Part I of this article went into detail as how to find exact TDC. With that now behind us, the actual process of checking the camshaft and how it is currently phased within the engine can begin. For this, a 1.000” travel dial indicator will be required that can measure the up and down motion of the lifters. While the number one cylinder is customarily the cylinder of choice in which to check the camshaft, any cylinder can be used to degree in the camshaft once TDC has been found for that cylinder. In fact, later in this operation another cylinder will be checked in which to both verify the results obtained off of the first cylinder check and also insure that the camshaft is at least consistent in values on two different cylinders. For now, the number one cylinder will be used as a reference.
Most camshaft timing sets for the Ford Y family of engines (239/256/272/292/312) requires that there be twelve pins between the timing marks on the sprockets and for those marks to be on the oil filter side of the engine when doing the initial chain installation. The exception here is that this only applies to Y engines that actually use a timing chain and does not apply to right hand or reverse rotation marine engines that use a gear to gear setup. While the Y is not the only engine to use the pin or link count between gear marks to time the camshaft, most V8 engine families simply align the timing marks on the cam gear and crank gear with the centerline of the engine. Due to the infrequency of engine manufacturers using the pin or link count for camshaft timing, it does leave the door open for mishaps by those not familiar with this.
By using just the right combination of parts, exceeding that magic 1HP to cubic inch ratio is indeed possible while still doing it with a pair of unported iron Ford Y-Block heads. The key here is in using a modern piston ring design and maximizing the compression ratio while still being able to have an engine that will run on available pump gasoline. Not to be left out are the intake, carburetor, camshaft, and cylinder head choices which are also just as important.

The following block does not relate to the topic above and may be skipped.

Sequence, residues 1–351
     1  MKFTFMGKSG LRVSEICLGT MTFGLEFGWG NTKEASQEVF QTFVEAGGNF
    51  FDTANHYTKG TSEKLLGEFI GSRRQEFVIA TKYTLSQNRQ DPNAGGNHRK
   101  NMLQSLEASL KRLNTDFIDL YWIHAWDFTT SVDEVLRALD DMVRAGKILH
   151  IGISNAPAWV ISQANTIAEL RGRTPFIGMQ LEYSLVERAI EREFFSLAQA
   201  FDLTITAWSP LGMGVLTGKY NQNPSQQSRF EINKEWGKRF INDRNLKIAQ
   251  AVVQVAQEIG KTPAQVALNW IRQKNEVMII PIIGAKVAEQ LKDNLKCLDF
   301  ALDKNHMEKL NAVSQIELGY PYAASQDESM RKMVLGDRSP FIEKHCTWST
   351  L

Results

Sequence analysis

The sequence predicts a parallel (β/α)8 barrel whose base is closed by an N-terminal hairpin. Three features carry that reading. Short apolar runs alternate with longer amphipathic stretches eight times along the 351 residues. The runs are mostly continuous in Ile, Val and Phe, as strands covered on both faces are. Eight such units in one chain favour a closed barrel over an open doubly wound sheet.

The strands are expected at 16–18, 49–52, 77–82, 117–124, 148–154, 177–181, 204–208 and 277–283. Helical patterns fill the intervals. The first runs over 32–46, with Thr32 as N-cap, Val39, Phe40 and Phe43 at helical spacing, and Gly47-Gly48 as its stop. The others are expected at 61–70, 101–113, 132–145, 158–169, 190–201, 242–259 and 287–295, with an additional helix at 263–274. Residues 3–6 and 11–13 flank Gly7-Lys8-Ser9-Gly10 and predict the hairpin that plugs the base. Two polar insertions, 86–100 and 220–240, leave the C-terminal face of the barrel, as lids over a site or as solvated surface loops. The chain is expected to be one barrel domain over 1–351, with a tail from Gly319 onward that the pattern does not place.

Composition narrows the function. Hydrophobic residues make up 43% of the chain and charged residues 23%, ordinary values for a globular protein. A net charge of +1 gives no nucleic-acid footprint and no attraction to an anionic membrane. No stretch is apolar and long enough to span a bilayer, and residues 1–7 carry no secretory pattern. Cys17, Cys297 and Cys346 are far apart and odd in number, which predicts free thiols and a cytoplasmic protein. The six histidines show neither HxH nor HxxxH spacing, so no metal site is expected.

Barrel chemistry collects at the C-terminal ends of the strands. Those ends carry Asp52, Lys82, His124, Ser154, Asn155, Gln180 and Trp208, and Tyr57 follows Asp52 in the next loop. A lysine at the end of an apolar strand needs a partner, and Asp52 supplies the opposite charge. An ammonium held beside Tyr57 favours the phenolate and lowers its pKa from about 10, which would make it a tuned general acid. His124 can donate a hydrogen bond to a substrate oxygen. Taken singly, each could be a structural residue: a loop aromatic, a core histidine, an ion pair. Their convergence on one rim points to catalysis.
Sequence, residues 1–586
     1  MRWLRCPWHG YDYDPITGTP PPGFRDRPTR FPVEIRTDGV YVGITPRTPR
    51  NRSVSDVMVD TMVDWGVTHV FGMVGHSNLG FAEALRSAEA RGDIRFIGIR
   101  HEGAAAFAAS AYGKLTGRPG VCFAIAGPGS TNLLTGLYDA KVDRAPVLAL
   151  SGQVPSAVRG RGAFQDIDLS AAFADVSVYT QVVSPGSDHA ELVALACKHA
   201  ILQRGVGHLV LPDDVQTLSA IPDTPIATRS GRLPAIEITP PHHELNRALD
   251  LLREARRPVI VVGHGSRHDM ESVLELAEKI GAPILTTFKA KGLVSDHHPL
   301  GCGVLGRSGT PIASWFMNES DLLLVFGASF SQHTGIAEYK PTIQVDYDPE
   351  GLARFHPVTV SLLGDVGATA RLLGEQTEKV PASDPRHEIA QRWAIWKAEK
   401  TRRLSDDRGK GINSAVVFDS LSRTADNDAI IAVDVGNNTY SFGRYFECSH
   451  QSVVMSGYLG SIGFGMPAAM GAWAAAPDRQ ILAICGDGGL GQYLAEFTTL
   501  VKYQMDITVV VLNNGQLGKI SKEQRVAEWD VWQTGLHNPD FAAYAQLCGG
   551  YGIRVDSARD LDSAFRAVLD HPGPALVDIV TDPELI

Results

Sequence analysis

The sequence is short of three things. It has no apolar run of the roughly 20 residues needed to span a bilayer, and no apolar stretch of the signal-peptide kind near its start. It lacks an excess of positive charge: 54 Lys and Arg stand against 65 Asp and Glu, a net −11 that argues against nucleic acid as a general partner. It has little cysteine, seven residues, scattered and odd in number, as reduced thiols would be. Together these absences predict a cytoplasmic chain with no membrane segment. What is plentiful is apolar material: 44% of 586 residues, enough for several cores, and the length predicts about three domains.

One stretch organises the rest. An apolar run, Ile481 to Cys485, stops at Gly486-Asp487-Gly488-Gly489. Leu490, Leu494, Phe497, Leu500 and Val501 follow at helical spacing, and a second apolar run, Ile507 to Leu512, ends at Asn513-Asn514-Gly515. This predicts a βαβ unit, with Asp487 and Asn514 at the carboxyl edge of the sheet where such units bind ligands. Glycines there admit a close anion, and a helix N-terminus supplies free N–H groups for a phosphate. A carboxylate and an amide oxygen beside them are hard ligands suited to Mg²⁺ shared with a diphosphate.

I was recently given the opportunity to rebuild a pair of Ford 292 Y-Block engines with each going into 1963 F100 pickups. While both engines started life out as 1963 two barrel pickup engines, one was a restoration project while the other was to be a mildly hopped up version. The engine for the restoration pickup was to be built as close to stock as possible while the other engine was to use the normal performance upgrades such as four barrel intake and carburetor, larger valved heads, and a better than stock camshaft.
It’s pretty well known that engine oil with a higher rated viscosity tends to rob power from the flywheel end of the engine. It’s this mentality that has the new car manufacturers using lighter weight engine oils in which to increase the fuel efficiency of their engines as well as pick up some additional power.
In dyno testing the different intake manifolds on various engines, it’s found that the intake runner and plenum designs are main players in determining what the power curve for a particular engine combination will look like.
Although I normally wouldn’t advocate a high volume oil pump for a run of the mill Y block (1954-1964 Ford 239, 256. 272, 292, 312), I did run into a situation where the use of one would at least be a temporary fix until a new engine could be built to replace the current one. Continue reading “Hi-Volume Oil Pump For the Y”
What started out as a simple dyno test to evaluate the performance differences between the small and large port Edelbrock three deuce intake manifolds ended up turning into a full blown test where seven different 3X2 intakes were compared on an engine in a back to back dyno test. The other intake manifolds being added to this test included three different intakes wearing the Edmunds brand, a Weiand intake and an Offenhauser intake.Continue reading “Y-Block Ford – 3X2 Intake Testing”
The Holley model 4000 four barrel carburetor that came as original equipment on single four barrel equipped 1956 and earlier Fords, Mercurys, and Lincolns is not up to its full potential when used with the ’57 and up Y-Block distributors. Continue reading “Modifying the Holley Teapot four barrel carb for late model distributors”
While a dynamometer is a great tool for sorting out engine combinations, there are those instances where some of the data provided conflicts with other data also being recorded. A case in point here is where the EGT’s (exhaust gas temperature) do not match up with the results of the oxygen sensors. Continue reading “Y-Block, 585HP without a supercharger or other form of power adder”